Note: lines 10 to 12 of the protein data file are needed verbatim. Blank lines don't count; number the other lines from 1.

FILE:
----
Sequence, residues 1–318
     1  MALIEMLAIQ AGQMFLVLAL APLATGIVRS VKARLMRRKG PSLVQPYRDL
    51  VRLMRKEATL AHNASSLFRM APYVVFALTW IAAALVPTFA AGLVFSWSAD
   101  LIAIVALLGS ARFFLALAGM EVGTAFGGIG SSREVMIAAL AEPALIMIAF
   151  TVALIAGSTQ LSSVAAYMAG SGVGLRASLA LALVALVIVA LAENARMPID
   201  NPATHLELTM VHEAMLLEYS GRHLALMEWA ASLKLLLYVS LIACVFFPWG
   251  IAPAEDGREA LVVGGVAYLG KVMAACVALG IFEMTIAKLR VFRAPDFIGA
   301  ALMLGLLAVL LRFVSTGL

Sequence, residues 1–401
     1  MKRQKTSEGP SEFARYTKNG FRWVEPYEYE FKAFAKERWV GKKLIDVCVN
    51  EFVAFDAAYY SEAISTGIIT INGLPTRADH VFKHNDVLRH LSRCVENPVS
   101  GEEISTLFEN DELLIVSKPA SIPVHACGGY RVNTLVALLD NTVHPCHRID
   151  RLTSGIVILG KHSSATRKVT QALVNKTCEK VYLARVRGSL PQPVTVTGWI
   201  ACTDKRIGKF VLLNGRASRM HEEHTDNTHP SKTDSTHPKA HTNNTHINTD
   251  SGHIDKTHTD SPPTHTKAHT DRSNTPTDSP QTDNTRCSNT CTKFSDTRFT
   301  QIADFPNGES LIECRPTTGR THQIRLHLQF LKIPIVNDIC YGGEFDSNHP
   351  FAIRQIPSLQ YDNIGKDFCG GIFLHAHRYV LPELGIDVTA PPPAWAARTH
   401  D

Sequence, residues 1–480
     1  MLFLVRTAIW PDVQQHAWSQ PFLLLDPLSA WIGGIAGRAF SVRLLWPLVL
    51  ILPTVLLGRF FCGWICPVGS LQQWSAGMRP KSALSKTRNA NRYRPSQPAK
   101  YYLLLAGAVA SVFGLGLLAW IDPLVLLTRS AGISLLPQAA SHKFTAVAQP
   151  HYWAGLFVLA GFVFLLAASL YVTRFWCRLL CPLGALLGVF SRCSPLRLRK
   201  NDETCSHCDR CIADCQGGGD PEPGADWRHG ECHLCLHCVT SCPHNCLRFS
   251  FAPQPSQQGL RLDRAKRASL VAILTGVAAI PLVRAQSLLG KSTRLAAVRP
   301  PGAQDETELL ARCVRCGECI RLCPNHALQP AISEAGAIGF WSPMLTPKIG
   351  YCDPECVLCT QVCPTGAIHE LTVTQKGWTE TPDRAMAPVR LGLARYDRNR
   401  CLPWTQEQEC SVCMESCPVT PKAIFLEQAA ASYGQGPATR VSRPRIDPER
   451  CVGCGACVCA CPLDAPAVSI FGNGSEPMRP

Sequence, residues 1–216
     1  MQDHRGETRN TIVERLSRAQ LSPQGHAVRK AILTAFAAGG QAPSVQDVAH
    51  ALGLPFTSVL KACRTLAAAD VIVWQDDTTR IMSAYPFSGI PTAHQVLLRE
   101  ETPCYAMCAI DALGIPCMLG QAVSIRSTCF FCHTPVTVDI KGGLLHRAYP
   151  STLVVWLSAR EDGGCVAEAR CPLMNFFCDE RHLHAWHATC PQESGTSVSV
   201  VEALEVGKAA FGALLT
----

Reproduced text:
     1  MKRQKTSEGP SEFARYTKNG FRWVEPYEYE FKAFAKERWV GKKLIDVCVN
    51  EFVAFDAAYY SEAISTGIIT INGLPTRADH VFKHNDVLRH LSRCVENPVS
   101  GEEISTLFEN DELLIVSKPA SIPVHACGGY RVNTLVALLD NTVHPCHRID